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< Back to current issue of Immigration Daily < Back to current issue of Immigrant's Weekly

[Federal Register: April 24, 2003 (Volume 68, Number 79)]
[Page 20210-20214]
From the Federal Register Online via GPO Access []



[Public Notice 4342]

Bureau of Educational and Cultural Affairs Request for Grant 
Proposals: International Sports Programming Initiative

SUMMARY: The Office of Citizen Exchanges of the Bureau of Educational 
and Cultural Affairs announces an open competition for an 
``International Sports Programming Initiative.'' Public and private 
non-profit organizations meeting the provisions described in Internal 
Revenue Code section 26 U.S.C. 501(c)(3) may submit proposals to 
discuss approaches designed to enhance and improve the infrastructure 
of youth sports programs in the following countries: Jordan, Morocco, 
Saudi Arabia, and Turkey. To be eligible for consideration under this 
competition, proposals must provide a minimum of 50 percent cost 
sharing of the amount of grant funds sought from ECA, although 
proposals with higher cost sharing levels are welcome. The Office 
expects to make approximately three (3) full grants of no more than 
$135,000 each under this competition, covering all thematic areas 
outlined below.
    Announcement Name and Number: All correspondence with the Bureau 
concerning this RFGP should reference the ``Open Competition for 
International Sports Programming Initiative'' and reference number: 
ECA/PE/C/WHAEAP-03-49. Please refer to title and number in all 
correspondence or telephone calls to the Office of Citizen Exchanges.

FOR FURTHER INFORMATION CONTACT: Interested organizations/institutions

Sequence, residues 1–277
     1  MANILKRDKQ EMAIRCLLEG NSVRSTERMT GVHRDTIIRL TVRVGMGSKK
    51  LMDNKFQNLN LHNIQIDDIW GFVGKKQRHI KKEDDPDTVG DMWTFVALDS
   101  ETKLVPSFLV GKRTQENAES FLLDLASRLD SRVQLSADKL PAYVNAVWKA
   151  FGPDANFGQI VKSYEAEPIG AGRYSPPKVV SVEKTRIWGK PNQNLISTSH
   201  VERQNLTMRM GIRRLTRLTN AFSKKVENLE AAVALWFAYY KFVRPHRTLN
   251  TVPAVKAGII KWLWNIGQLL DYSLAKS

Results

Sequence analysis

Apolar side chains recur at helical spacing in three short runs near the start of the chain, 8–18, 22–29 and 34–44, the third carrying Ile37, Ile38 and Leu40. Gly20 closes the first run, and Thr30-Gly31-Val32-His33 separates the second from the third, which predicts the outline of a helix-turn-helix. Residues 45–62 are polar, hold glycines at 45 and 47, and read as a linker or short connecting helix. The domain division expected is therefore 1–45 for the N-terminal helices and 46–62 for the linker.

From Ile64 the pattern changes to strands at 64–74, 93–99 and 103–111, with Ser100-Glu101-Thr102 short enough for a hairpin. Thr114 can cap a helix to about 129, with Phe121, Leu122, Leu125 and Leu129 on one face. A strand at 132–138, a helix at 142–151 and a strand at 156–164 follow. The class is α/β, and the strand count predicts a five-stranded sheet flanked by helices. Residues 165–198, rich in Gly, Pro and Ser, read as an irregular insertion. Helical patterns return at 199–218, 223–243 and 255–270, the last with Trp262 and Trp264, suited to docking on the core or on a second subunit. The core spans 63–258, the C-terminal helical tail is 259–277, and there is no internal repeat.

may contact the Office of Citizen Exchanges, room 216, SA-44, U.S. 
Department of State, 301 4th Street, SW., Washington, DC 20547, 
telephone number 202/260-5491, fax number 202/260-0440, or to request a Solicitation Package. The 
Solicitation Package contains detailed award criteria, required 
application forms, specific budget instructions, and standard 
guidelines for proposal preparation. Please specify Bureau Program 
Officer, Raymond H. Harvey, on all other inquiries and correspondence.
    To Download a Solicitation Package Via Internet: The entire 
Solicitation Package also may be downloaded from the Bureau's Web site 
at Please read all 
information before downloading.

Program Information

    Overview: The Office of Citizen Exchanges welcomes proposals that 
directly respond to the following thematic areas. Given budgetary 
limitations, projects for other themes and other countries will not be 
eligible for consideration under the FY-2003 International Sports 
Program Initiative.
    Training Sports Coaches: The World Summit on Physical Education 
(Berlin, 1999) stated that a ``quality physical education helps 
children to develop the patterns of interest in physical activity, 
which are essential for healthy development and which lay the 
foundation for healthy, adult lifestyles.'' Coaches are critical to the 
accomplishment of this goal. A coach not only needs to be qualified to 
provide the technical assistance required by young athletes to improve, 
but must also understand how to aid a young person to discover how 
success in athletics can be translated into achievement in the 
development of life skills and in the classroom.
    Projects submitted in response to this theme would be aimed at 
aiding youth, secondary school and university coaches in the target 
countries in the development and implementation of appropriate training 
methodologies, through seminars and outreach. The goal is to ensure the 
optimal technical proficiency among the coaches participating in the 
program while also emphasizing the role sports can play in the long-
term economic well being of youth.
    Youth Sports Management Exchange: Exchanges funded under this theme 
would help American and foreign youth sport coaches, adult sponsors, 
and sports and civic organization officials share their experience in 
managing and organizing youth sports activities, particularly in 
financially challenging circumstances, and would contribute to better 
understanding of the role of sports as a significant factor in 
educational success. Program should be designed to convey to the